Gardening with Deer

Gardening with deer? While doing so takes some effort, it can be done. The keys are to know your foe and, with all good gardening, choose the right plant for the right place.

Before choosing any landscape plant for an area not protected by deer, understand that deer will eat anything when hungry enough, and not all deer share the same tastes. What one or many deer avoid in one garden another individual or group may devour in another garden.

The local deer in my neighborhood tend to avoid plants with fuzzy and/or silver leaves, ornamental grasses, native ferns, most herbs, foxglove, amsonia, nepeta, Siberian iris, lychnis, nearly everything in the allium (onion/garlic) family, daffodils/narcissus/jonquils, low growing sedum, boxwood, bayberry, and some conifers such as white pine, blue spruce, and some junipers.

Perennial and shrub bed of deer-resistant plants.

Perennial and shrub bed of deer-resistant plants.

Local deer occasionally nibble new bearded iris leaves, the very first shoots of Tete-a-tete narcissi as these emerge early, crocus (even the supposed deer-resistant tommasinianus varieties, but only rarely), Lady’s Mantle, and peony foliage (generally either in early spring as they emerge or later summer into autumn), as well as young, within reach foliage of lilac, viburnum, and pee-gee hydrangea.

Read more on how I garden with deer in the heavily deer-populated region of south-central Connecticut by clicking Gardening with Deer, as recently published in the Spring 2015 issue of the Lyme Land Conservation Trust newsletter.

Browsing deer - do you see all three?

Browsing deer – do you see all three?

When gardening with deer you may not be able to plant all of your favorites, without investing in a fenced area, but you can still create beautiful gardens from mostly deer-resistant plants.

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4 comments for “Gardening with Deer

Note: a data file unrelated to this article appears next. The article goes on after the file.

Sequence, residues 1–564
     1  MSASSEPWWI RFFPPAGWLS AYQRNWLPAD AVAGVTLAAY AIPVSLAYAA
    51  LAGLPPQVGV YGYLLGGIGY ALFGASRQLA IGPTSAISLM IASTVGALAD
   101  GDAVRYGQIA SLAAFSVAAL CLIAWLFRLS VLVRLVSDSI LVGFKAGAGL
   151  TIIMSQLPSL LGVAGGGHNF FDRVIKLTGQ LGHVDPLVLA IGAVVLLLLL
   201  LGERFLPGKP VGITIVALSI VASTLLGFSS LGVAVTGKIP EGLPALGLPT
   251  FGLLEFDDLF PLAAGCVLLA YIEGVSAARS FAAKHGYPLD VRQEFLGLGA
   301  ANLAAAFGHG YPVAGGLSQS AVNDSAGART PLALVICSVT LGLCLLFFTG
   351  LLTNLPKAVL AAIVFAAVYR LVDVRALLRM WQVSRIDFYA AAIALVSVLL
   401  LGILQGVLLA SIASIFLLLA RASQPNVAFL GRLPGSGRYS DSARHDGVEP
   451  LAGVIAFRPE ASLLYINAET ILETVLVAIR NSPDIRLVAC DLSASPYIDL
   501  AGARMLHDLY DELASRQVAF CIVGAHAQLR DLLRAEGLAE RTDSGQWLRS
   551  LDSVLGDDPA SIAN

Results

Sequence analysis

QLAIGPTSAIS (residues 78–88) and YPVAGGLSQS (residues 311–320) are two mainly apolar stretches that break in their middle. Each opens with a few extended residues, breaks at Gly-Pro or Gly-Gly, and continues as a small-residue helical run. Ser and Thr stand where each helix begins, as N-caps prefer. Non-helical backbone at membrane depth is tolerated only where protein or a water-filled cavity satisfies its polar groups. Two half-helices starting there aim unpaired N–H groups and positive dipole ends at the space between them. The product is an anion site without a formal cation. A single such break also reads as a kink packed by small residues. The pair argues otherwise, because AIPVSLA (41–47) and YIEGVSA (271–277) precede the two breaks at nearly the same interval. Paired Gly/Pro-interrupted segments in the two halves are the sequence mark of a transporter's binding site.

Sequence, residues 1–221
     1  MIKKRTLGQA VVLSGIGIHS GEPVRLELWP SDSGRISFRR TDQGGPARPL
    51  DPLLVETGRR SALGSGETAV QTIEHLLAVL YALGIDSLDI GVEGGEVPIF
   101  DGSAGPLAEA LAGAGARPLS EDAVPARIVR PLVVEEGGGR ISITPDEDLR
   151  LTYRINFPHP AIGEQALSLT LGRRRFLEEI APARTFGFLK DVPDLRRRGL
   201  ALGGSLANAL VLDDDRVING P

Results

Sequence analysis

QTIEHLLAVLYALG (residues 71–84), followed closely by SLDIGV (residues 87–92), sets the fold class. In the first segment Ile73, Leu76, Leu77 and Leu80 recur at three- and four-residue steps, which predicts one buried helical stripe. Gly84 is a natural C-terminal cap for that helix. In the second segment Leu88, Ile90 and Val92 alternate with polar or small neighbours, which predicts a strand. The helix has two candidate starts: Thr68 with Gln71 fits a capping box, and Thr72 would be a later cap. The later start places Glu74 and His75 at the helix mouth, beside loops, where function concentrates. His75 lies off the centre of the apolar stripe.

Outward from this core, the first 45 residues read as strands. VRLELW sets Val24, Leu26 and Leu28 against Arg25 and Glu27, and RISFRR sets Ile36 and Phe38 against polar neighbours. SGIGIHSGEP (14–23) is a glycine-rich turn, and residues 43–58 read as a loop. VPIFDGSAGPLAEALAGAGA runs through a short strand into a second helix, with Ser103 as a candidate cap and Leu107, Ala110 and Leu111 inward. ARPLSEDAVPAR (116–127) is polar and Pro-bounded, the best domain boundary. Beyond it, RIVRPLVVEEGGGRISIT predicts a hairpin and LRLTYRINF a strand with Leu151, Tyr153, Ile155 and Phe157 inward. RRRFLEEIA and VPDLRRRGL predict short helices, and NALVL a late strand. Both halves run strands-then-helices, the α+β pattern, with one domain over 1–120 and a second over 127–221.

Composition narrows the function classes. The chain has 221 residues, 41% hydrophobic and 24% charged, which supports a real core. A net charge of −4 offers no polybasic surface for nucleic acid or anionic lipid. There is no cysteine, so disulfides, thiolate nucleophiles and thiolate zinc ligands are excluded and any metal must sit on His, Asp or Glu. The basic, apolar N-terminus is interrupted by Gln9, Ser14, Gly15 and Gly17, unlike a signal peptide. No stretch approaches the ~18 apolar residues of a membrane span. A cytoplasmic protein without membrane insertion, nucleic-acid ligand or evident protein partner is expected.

1. Jim
    May 14, 2015 at 4:39 pm

    Boy oh boy do I ever feel your pain. In one evening a heard decimated a couple dozen roses to the point that i didn’t have one rose bloom until fall. It was tragic. But it was my own fault for not taking proper precautions. You just roll the dice every nice when you decide to skip out on protecting your plants. But that’s what I get for growing roses. I have fewer now (I think due to successive brutal winters). I rolled the dice and finally lost on my korean spice viburnum ‘Mohawk’. I had a few dozen blooms on a 3-4yr old shrub. I was so excited to FINALLY be able to smell those spicy flower clusters. They descended and nipped 3/4 of the buds off the shrub one night. I still got some blooms though. I didn’t know they liked Mockorange. They chopped that down last year but this year I have buds and have sprayed the shrub diligently. Having said all that, there are definitely some that have never ever been touched: Ninebark ‘Center Glow’, lilacs, ornamental grasses, Baptisia, Veronica, catmint, calamintha, siberian and bearded irises, ferns, astilbe, generally montauk daisies although I have had all the flowers nipped off but never the plant leaves/stems, achillea, aconitum, my alchemilla mollis has never been touched, Geranium macrorrhizum, poppies, peonies, Lespideza thunbergii, and planted a bunch of rose campion from seed last year that SHOULD bloom this year (I’m excited about that).

    I sprayed around the yard last night with Deer Stopper. I tend to buy at least one gallon of concentrate a year. Yes, expensive, but it holds off those buggers pretty well.

    • May 15, 2015 at 7:07 am

      Jim, it is always so interesting to hear what deer browse on in other gardens. How lucky for you that your local deer don’t eat baptisia; in my yard they munched them to the ground. Have you tried encircling young trees with welded wire cages until most branches grow beyond the browse line? This was successful for my viburnum. It’s not the most attractive solution, but it gives young trees a fighting chance. Deer browse management plans certainly keep avid gardeners on their toes!

  2. May 14, 2015 at 10:39 pm

    Joene, Deer aren’t as thick on the ground in my area as in yours (I think because we still have quite a bit of non-garden habitat left for them, and because there is a lot of deer hunting in Maine — where many families depend on their annual deer for winter food). In my circumstances, I can grow some deer-favorite plants (e.g., hosta), if I cover them with netting when they’re first opening their new growth, Once the plants are better established, I uncover them. As spring turns into summer and deer have more foods to choose from, they are less likely to frequent my garden.

    • May 15, 2015 at 7:14 am

      Jean, hosta in my yard would be gone at any stage were it not growing within a fenced garden, I net hosta growing in a nearby client’s yard, otherwise they quickly become deer food. I am in one of the most deer dense regions of CT. Much of the wooded areas here have minimal native undergrowth due to heavy deer browsing. Though hunting is popular, deer learn to bunch into non-hunting areas during hunting season.

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